Schedule Policy For Dialysis Patients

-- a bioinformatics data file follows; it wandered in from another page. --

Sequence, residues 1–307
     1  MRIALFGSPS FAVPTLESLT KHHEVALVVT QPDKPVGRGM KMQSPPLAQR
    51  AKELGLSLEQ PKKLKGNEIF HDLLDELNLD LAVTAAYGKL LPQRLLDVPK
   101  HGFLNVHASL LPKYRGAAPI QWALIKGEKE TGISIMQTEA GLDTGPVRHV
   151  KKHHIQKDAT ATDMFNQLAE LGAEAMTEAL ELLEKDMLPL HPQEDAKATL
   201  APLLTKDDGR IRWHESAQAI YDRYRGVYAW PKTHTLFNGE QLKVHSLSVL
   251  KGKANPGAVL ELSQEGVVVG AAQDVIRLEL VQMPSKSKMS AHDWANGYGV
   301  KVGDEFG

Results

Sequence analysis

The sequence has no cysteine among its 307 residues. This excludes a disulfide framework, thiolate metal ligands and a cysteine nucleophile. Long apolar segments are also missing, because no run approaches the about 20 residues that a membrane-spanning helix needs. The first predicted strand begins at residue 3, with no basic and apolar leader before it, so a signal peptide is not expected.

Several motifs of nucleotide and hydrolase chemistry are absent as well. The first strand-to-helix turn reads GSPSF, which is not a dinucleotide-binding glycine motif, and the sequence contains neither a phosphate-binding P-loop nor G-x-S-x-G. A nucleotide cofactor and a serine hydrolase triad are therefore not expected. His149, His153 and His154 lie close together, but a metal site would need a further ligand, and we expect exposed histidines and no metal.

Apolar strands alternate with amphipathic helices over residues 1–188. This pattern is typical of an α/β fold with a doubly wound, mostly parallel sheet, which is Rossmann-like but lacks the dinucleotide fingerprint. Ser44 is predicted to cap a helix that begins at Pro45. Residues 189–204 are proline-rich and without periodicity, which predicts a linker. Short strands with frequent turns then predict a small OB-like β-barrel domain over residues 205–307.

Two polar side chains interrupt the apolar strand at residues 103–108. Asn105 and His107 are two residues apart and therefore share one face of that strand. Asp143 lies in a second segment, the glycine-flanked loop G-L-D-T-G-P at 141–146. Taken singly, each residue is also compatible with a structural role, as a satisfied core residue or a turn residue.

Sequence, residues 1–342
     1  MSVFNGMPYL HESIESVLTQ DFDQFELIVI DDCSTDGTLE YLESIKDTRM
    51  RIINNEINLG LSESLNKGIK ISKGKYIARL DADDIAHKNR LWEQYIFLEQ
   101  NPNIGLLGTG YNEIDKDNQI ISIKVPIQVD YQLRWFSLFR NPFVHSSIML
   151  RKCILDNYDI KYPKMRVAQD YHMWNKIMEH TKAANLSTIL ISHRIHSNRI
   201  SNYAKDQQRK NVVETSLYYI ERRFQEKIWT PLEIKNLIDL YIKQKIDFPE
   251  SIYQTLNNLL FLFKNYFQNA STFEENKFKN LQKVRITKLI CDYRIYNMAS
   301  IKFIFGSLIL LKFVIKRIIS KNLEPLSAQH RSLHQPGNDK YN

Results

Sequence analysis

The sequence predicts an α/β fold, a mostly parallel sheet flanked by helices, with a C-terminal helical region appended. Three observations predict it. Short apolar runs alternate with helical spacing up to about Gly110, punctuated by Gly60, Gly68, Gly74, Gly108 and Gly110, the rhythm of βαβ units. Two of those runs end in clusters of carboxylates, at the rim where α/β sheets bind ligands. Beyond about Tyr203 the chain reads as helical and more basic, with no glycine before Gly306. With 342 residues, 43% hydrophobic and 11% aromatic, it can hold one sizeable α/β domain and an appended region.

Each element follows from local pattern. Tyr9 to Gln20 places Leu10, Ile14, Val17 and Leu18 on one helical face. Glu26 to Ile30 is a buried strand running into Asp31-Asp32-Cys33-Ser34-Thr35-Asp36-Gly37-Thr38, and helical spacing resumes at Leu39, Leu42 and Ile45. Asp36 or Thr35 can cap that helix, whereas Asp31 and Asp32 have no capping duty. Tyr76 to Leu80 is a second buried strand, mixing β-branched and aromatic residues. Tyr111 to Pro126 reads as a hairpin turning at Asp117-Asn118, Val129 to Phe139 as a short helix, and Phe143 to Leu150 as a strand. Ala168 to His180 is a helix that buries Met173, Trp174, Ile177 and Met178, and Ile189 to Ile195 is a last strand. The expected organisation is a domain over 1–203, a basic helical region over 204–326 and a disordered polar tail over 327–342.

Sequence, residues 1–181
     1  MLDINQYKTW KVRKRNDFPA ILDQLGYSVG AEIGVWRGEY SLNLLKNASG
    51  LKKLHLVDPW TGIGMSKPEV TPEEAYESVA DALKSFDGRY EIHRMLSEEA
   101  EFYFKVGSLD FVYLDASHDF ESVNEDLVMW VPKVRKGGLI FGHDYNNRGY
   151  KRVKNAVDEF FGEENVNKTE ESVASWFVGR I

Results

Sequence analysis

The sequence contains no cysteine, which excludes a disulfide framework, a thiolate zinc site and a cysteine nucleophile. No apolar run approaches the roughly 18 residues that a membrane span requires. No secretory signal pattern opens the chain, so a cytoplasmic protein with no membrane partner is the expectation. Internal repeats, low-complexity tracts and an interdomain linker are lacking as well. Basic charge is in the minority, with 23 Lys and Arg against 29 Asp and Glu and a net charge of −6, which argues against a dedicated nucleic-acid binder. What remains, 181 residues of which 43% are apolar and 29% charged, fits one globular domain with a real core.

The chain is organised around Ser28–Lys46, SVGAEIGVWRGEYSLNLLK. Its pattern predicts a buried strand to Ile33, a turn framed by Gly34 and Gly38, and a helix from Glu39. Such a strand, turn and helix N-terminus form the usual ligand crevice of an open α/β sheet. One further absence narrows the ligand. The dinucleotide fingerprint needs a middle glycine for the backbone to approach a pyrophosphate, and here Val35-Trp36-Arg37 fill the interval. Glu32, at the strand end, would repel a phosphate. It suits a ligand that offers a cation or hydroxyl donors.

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Schedule Policy for Dialysis Patients The wait times of dialysis patients before and after hemodialysis treatments have been an area of concern. In a typical morning at an outpatient dialysis clinic, all the patients for the first shift will begin to gather in a waiting room just prior to a specific time. I will use the start time of 7:00 a.m. for example. The nurses and patient care staff will arrive a considerable amount of time earlier to prepare for the oncoming shift of patients. At 7:00 a.m., the nurse in charge will begin calling each patient in one at a time. An assessment is done. The patient is weighed. His/her lungs are listened to. Many specific questions are asked. A treatment goal is determined based on protocols. Then, the assessment data is entered into a networked computer system, which is retrieved at a specific station for a particular patient. This process continues until every station in the clinic is full. Typically, a clinic will hold anywhere from 12 to 30 stations. For this example, I will use a 20-station clinic. Target population There are many Chronic Renal Failure patients who are elderly and have additional diseases, such as diabetes, chronic pain, and others. Many of these patients have to wait as much as an hour to an hour and a half before and after treatments. The lack of policy and the absence of close management of this schedule may potentially put at risk patients in greater danger. Instead of patients being in the clinic
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